Awards & Reviews
Press and Media
Little Big Sister is a gentle, winning story. It is especially well-suited to classroom use.
- Blue Ink Review
Whether the reader is a teacher wishing to promote understanding of disabilities or a parent wanting to find resources, McCoy's work will prove to be a treasure.
- US Review of Books
"This book belongs in every elementary school classroom."
-Verified Amazon Review
Amy's TV Interview with Ann Nyberg of WTNH
ASN (Autism Spectrum News) article written by Amy McCoy - Fall 2020
"Siblings of individuals with ASD have specific and unique needs. Keeping communication open, honest and ongoing is a key component when supporting siblings. Providing siblings with opportunities to meet other siblings of individuals with ASD is beneficial in order to decrease feelings of isolation. Planning one on one time with our typically developing children and arranging creative ways for them to socialize comfortably with peers are two approaches that parents can take to support these specific needs. Acknowledging and allowing siblings to express strong emotions helps them to process their emotions and feel better supported."
Glastonbury Life Article
Breaking Through Special Needs with Christine Astarita
Episode 11: Autism mom and children's author, Amy McCoy, shares her journey as mom and advocate for inclusivity.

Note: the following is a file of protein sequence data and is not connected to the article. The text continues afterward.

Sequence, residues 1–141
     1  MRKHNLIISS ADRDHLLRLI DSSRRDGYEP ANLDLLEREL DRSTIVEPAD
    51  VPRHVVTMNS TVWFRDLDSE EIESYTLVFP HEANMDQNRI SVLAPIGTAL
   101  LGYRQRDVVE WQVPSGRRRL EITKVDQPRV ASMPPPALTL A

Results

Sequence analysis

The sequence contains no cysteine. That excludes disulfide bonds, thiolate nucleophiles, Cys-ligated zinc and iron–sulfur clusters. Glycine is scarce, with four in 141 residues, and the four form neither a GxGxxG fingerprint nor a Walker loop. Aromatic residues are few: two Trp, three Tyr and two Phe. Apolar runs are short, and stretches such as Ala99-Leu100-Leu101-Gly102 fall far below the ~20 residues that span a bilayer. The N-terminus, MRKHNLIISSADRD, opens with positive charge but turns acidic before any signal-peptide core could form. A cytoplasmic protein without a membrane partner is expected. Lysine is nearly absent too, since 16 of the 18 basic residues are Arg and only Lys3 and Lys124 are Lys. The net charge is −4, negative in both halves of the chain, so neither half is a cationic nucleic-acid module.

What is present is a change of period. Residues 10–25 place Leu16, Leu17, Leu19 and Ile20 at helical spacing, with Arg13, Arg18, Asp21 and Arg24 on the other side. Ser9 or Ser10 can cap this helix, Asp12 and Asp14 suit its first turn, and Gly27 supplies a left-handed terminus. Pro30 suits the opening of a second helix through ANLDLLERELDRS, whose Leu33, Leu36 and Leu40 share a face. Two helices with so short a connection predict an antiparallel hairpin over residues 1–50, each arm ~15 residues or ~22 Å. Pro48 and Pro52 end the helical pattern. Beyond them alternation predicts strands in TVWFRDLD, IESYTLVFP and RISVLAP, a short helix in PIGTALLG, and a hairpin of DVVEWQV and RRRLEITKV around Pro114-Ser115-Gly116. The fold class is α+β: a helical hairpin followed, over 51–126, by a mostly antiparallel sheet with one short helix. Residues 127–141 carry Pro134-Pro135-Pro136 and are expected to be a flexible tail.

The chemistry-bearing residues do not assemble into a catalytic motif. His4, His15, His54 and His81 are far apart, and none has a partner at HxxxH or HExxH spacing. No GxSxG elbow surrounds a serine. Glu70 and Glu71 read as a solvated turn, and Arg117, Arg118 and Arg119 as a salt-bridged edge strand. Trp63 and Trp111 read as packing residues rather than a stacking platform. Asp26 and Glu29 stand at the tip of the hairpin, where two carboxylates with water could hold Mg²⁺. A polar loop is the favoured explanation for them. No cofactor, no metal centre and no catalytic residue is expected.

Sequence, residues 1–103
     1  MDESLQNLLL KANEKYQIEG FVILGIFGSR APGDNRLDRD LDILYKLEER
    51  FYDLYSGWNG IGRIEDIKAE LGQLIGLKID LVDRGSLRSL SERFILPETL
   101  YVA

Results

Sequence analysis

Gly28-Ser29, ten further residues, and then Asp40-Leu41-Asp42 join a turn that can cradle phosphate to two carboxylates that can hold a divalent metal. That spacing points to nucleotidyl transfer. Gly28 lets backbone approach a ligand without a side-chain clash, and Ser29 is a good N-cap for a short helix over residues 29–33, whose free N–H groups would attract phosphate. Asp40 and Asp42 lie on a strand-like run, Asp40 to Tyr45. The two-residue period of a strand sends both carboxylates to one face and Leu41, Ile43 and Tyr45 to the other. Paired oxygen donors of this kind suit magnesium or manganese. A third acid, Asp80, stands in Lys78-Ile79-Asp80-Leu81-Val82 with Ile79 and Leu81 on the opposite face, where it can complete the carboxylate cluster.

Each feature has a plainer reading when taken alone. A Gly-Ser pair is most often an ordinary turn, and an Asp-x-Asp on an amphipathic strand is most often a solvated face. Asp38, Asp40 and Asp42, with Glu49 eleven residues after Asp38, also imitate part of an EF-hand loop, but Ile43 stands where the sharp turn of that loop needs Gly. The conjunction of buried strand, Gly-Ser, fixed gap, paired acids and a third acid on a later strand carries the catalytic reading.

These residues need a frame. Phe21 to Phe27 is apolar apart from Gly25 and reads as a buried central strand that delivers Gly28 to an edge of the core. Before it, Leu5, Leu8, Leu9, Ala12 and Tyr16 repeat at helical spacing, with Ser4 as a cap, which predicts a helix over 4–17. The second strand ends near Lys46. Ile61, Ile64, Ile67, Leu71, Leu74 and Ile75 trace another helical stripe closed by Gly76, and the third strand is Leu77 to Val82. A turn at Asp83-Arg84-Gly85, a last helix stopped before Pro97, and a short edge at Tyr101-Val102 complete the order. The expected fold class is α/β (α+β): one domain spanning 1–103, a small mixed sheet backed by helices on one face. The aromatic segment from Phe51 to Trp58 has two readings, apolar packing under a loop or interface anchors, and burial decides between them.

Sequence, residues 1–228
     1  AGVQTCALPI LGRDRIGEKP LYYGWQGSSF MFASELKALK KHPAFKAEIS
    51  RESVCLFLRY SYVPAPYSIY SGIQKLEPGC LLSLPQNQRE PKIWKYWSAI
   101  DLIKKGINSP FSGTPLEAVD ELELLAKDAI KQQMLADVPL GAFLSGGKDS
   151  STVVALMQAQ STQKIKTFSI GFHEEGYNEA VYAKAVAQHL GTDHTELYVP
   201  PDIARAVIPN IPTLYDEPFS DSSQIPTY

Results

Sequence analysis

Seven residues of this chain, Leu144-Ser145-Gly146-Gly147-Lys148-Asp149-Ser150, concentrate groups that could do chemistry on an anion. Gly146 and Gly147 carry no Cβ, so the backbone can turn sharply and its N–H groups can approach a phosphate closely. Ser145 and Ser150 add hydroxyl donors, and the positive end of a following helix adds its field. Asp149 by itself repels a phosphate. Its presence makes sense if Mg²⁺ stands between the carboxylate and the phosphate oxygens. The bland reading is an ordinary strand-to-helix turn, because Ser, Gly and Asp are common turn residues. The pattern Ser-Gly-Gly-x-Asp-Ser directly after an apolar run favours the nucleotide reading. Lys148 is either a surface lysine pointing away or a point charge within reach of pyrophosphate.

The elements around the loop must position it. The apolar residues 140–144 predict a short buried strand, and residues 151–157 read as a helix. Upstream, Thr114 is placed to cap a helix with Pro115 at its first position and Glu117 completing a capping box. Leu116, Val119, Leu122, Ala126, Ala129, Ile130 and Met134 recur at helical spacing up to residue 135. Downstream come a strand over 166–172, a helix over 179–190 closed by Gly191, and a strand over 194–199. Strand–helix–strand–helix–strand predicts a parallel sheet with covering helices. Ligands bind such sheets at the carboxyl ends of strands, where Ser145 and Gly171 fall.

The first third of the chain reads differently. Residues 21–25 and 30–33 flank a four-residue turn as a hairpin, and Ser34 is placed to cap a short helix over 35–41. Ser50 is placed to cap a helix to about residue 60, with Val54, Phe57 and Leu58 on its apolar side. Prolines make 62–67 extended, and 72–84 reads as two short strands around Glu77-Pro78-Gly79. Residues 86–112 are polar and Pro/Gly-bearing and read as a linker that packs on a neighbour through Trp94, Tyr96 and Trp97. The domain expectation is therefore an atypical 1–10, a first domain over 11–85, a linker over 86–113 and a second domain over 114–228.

S2: Episode 56 - An autism mom & author who is on a mission to generate awareness and inclusion within school systems countrywide through her children's book series.
S2: Episode 38 - Amy McCoy - autism advocate, children’s book author, & how laughter is the best medicine.
Dancing in the Rain
Appreciating, allowing and accepting the differences of motherhood when children have special needs. Life isn't about waiting for the storm to pass. It's about learning to dance in the rain...by Vivian Greene.
Tuesday, October 15, 2013
Keep Right, Except to Pass
The left lane, the fast lane, the passing lane. My daughter, Kathryn (age 7), is in the left lane – I knew the day would come when she would pass by her older brother, Matthew (age 9).
Matthew takes the special needs van to and from school. He has been riding this van since he was 3 years old when he started special needs preschool. He loves it – it’s small, air-conditioned, and usually a grandparent-aged, kind and caring driver talks to Matthew and answers his repertoire of questions during the 5 minute ride to and from school. Driving in the right lane of course. Kathryn – she rides the big yellow school bus, zooming down the left lane with the other neighborhood kids.